These students are challenged very well in most lessons and are pushed to develop the higher order
    thinking and reasoning skills of which they are capable. In a few cases, although students attain very
    good examination results, these advanced skills are not fully promoted.
  • Early entry for examinations is used rarely and only in exceptional cases when individuals’ abilities merit it.
    This does not limit students’ attainment; rather it enables it to be demonstrated.
The sixth form provision requires improvement
  • Students make expected progress in most subjects in the sixth form and better than that expected in a
    just a small number. Attainment across subjects is mixed, but is broadly in line with national figures
    overall. Achievement in the sixth form, therefore, requires improvement. Attainment and progress in the
    compulsory general studies course is less good than in most other courses, and so it is to be made
    optional as part of a wider enrichment programme.
  • The reason for the sixth form being less effective than the rest of the school is that the concerted,
    strategic and successful approach adopted to improve Key Stages 3 and 4 has not been applied to the
    same degree in the sixth form.
  • Much teaching of sixth form students has the same positive features as it has for younger students. Some
    is inspirational and results in high quality learning. However, this is not consistently the case so the overall
    impact of teaching in the sixth form requires improvement.
  • The monitoring of students’ progress takes place through subject departments and through a focus by
    sixth form leaders on individual students and some specific groups. There are shortcomings in the overall
    strategic oversight of the sixth form and in the evaluation of its effectiveness. Consequently, leadership
    and management of the sixth form require improvement.
  • There are strengths to the sixth form. Students’ attitudes and behaviour are as outstanding as they are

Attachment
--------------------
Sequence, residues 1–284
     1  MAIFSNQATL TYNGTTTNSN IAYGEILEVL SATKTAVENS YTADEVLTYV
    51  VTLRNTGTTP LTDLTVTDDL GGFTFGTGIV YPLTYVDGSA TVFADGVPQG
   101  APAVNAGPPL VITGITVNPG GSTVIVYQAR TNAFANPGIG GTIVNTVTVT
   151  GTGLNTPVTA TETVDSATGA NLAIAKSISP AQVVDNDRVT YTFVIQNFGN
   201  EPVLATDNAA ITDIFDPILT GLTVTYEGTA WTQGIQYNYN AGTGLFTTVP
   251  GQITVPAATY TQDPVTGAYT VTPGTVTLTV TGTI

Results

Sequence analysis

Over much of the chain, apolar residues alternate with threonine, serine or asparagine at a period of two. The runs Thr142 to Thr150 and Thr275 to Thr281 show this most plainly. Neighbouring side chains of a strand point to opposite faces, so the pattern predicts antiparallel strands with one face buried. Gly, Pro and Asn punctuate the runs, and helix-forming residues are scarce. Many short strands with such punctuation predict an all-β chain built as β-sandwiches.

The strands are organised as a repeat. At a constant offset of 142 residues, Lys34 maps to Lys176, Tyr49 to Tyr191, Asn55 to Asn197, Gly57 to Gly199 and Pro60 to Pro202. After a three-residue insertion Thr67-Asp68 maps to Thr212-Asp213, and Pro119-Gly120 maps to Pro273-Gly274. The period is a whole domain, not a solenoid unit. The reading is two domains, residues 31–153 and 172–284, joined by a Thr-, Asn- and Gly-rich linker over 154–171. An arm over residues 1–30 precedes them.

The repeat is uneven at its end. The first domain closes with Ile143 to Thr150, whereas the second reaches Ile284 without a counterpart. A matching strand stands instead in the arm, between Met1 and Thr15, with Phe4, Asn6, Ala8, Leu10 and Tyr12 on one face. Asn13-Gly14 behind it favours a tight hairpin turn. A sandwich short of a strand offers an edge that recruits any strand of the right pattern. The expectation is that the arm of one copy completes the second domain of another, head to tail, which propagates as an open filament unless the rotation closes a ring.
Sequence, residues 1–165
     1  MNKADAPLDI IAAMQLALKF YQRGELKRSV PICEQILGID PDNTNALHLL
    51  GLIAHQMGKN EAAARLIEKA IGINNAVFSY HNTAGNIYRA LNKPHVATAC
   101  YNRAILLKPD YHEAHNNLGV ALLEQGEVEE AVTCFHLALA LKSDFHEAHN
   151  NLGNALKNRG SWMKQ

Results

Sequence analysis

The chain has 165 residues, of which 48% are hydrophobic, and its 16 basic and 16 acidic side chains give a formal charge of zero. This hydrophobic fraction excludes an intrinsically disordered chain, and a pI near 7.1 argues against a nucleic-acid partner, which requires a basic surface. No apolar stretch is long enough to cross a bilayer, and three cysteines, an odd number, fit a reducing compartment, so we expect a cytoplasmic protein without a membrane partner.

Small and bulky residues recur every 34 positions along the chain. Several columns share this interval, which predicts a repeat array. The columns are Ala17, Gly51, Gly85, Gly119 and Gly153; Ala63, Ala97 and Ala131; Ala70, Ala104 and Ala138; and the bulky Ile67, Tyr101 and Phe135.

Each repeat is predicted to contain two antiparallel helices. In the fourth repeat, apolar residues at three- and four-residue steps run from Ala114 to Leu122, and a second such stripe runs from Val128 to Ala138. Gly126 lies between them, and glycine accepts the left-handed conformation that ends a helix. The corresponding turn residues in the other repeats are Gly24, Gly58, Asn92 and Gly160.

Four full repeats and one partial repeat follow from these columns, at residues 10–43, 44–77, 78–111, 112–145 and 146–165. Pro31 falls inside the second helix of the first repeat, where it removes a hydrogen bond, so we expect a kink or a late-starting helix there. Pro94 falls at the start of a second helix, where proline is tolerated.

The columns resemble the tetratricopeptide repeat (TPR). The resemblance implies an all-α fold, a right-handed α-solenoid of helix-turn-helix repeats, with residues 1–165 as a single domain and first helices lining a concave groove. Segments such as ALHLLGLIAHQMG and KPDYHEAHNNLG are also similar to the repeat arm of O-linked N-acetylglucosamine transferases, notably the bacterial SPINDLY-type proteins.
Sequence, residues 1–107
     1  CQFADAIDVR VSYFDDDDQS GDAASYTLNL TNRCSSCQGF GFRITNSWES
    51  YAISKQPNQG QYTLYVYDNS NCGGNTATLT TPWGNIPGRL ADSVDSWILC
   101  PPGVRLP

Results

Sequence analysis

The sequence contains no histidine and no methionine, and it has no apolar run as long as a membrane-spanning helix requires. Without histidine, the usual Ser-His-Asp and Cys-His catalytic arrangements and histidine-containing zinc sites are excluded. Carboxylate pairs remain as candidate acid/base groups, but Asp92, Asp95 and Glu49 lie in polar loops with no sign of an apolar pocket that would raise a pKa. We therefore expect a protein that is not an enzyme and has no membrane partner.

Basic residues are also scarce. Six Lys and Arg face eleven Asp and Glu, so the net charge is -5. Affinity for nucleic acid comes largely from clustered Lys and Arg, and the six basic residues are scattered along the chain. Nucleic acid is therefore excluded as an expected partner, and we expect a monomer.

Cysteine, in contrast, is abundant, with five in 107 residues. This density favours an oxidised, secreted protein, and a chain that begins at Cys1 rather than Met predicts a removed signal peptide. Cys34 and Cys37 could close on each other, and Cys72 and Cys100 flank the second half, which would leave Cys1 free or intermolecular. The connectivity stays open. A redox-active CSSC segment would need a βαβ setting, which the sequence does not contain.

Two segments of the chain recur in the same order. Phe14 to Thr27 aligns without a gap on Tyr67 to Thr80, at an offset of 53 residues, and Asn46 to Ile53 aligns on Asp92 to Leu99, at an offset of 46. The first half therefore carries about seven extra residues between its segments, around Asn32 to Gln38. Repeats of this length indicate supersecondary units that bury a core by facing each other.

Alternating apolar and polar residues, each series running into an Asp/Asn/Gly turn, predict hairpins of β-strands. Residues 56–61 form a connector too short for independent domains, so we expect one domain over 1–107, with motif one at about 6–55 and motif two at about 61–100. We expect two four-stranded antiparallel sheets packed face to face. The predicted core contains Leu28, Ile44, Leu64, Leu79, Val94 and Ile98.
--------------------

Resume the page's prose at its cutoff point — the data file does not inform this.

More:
elsewhere in the school. They are very proud to be students at Stretford and are extremely committed to
    it and to their own learning. They are excellent role models for younger students and are first-rate
    ambassadors for the school more widely through their involvement in the local community and beyond.
  • Relationships between students are extremely positive, with all groups mixing well together and those
    joining Year 12 from other schools being integrated very well.
  • Pastoral oversight is good. Students are well known as individuals and they receive helpful advice, support
    and guidance on a wide range of academic and personal issues. This includes extra tutoring and support
    to help prepare students for entry to prestigious universities.
  • The sixth form provides an academic curriculum which is suited to students’ needs. There is a very rich
    range of extra-curricular activities.

What inspection judgements mean


Grade Judgement Description
Grade 1 Outstanding An outstanding school is highly effective in delivering outcomes that
provide exceptionally well for all its pupils’ needs. This ensures that pupils
are very well equipped for the next stage of their education, training or
Grade 2 Good A good school is effective in delivering outcomes that provide well for all
its pupils’ needs. Pupils are well prepared for the next stage of their
education, training or employment.
Grade 3 Requires
A school that requires improvement is not yet a good school, but it is not
inadequate. This school will receive a full inspection within 24 months
from the date of this inspection.
Grade 4 Inadequate A school that requires special measures is one where the school is failing
to give its pupils an acceptable standard of education and the school’s
leaders, managers or governors have not demonstrated that they have
the capacity to secure the necessary improvement in the school. This
school will receive regular monitoring by Ofsted inspectors.

A school that has serious weaknesses is inadequate overall and requires
significant improvement but leadership and management are judged to
be Grade 3 or better. This school will receive regular monitoring by
Ofsted inspectors.

School details

Unique reference number 106368
Local authority Trafford
Inspection number 461783

This inspection of the school was carried out under section 5 of the Education Act 2005.

Type of school Secondary
School category Foundation
Age range of pupils 11–18
Gender of pupils Mixed
Gender of pupils in the sixth form Mixed
Number of pupils on the school roll 814
Of which, number on roll in sixth form 160
Appropriate authority The governing body
Chair Harry Almond
Headteacher Michael Mullins
Date of previous school inspection 22 March 2012
Telephone number 0161 865 2293
Fax number 0161 866 9938
Email address reveal email: adm…